Pros and Cons of Therapy for Depression
What You Need to Know
In today’s fast-paced world, it’s easy to feel isolated and disconnected. Losing a loved one, going through a divorce or end of a long-term relationship can all lead to depression. While this feeling is completely normal, left untreated it can develop into a serious condition that could have damaging effects on your life. In as little as six sessions of talking therapy for depression, your therapist will help you identify the source of your stress and find positive solutions to move past it. Whether you’re just starting to feel the effects of depression or are already dealing with its consequences every day, therapy for depression is an excellent way to get back on track. Here are some pros and cons of therapy for depression that you need to know before making that decision:
What is Depression?
A mood disorder that affects between 7 and 10 percent of the population, depression is characterized by a constant feeling of sadness and lethargy that interferes with daily living. It could be caused by a chemical imbalance in the brain, genetics, stressful life events, and more. With regular therapy, you can treat and prevent depression from developing into a more serious condition. There are four types of depression that can be diagnosed by your therapist:
- Major depressive disorder (MDD): This is the most common form of depression, beginning with a feeling of sadness that turns into a longer-term disorder.
- Bipolar disorder: Also known as manic-depression, this is when someone cycles between periods of severe depression and periods of elevated mood.
- Seasonal affective disorder (SAD): This is a type of depression that happens during fall and winter months when there’s less sunlight.
- Postpartum depression: This occurs in women after they give birth.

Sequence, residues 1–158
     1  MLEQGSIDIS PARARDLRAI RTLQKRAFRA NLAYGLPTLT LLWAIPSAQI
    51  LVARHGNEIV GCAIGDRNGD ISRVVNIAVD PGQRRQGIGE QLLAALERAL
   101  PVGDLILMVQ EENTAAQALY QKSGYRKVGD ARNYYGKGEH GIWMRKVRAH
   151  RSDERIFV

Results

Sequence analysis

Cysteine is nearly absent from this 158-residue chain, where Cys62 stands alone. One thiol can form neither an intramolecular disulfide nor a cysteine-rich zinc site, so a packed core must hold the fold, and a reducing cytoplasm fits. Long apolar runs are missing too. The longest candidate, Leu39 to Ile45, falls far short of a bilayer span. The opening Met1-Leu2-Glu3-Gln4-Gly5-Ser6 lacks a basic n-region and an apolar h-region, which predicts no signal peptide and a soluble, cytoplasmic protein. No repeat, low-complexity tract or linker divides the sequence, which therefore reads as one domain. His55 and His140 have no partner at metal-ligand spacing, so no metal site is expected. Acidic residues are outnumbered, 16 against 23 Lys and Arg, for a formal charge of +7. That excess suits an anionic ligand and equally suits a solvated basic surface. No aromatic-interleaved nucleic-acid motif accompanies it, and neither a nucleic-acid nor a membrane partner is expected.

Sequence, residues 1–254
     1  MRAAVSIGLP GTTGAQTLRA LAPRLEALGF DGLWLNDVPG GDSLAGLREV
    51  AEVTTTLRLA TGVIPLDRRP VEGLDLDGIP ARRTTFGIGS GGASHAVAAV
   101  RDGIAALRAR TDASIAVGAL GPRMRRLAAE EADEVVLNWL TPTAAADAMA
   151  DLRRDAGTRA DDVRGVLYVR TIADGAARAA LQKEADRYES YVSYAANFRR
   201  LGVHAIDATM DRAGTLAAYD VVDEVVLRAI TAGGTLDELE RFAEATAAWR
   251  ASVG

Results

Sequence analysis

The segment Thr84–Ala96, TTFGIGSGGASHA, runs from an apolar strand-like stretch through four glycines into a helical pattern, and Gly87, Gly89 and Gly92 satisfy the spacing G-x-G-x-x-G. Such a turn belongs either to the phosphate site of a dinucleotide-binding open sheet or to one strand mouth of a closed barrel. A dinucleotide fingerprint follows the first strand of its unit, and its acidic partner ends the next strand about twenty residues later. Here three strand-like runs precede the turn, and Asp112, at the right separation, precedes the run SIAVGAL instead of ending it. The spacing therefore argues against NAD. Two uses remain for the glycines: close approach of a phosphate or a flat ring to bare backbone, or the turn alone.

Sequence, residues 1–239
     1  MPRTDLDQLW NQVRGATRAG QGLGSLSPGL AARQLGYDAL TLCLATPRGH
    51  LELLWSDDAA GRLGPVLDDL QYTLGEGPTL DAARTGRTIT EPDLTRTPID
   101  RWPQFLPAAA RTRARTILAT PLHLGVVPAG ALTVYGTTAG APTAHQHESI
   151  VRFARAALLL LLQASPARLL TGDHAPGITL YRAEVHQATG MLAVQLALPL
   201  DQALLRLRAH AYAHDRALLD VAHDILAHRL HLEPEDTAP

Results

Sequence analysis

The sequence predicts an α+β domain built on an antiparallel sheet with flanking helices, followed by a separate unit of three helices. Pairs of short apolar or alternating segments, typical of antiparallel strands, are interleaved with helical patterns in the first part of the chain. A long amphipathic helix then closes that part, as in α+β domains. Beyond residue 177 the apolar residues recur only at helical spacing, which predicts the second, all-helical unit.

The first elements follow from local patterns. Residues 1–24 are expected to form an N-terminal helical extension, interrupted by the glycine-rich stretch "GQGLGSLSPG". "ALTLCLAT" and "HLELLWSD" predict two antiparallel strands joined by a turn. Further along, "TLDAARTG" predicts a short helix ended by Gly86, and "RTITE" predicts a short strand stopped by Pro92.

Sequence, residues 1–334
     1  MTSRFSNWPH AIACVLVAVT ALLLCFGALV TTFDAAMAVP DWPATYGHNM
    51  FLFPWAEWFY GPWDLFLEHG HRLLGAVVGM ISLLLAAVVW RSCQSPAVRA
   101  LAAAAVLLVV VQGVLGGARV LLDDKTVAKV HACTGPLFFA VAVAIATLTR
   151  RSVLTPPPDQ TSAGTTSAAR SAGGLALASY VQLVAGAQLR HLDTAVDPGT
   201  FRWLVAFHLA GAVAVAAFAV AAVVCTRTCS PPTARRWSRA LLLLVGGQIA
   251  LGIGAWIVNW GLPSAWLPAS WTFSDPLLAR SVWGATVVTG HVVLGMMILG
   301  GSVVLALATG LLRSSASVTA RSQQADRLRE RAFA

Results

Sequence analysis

- Adjustment disorder with depressed mood: This is when someone has a disorder caused by an event that’s outside their control, and they also have symptoms of depression.
Why Should You See a Therapist for Depression?
If you’re feeling sad or down for more than two weeks, or if the sadness is interfering with your day-to-day activities, it is important to seek treatment. Depression can be treated with a combination of medication and talking therapy, so make the most of it by recognizing the signs and seeking the help of a professional.
You can use therapy to:
- Identify what’s triggering your depression
- Get a better understanding of your needs and feelings
- Find healthy ways to cope with your emotions
- Learn how to reduce stress in your life
- Learn positive thinking techniques
- Find support and connect with others who are going through the same thing
- Develop a support system to help get you through difficult times
- Learn positive strategies to avoid relapse
- Learn techniques that can help you feel better, even when you’re not in therapy
Pros of Therapy for Depression
When you’re dealing with an illness, the first step is always to identify what’s causing it. In therapy, you’ll learn why you’re feeling depressed and how to cope with it effectively. You’ll learn how to identify and reduce stress in your life. You’ll find ways to manage negative thoughts. Exploring your current relationships, identifinging any problems, and learn how to manage them will also be possible. You can develop a personalized, effective treatment plan. You’ll explore your goals for the future and learn new ways to reach them and feel more connected to others in your life and find support and acceptance. You’ll have a safe space to talk about your feelings and learn new ways to manage your emotions.
Cons of Therapy for Depression
You’ll have to invest time and effort into this process and to acknowledge your feelings, even if they’re painful. You’ll have to stick to the treatment plan. It will be possible for you to be open to change. This is not a quick fix that will be fixed quickly. This is a long-term solution. You may not notice results for a few weeks, and it can also take a few weeks to find the right therapist.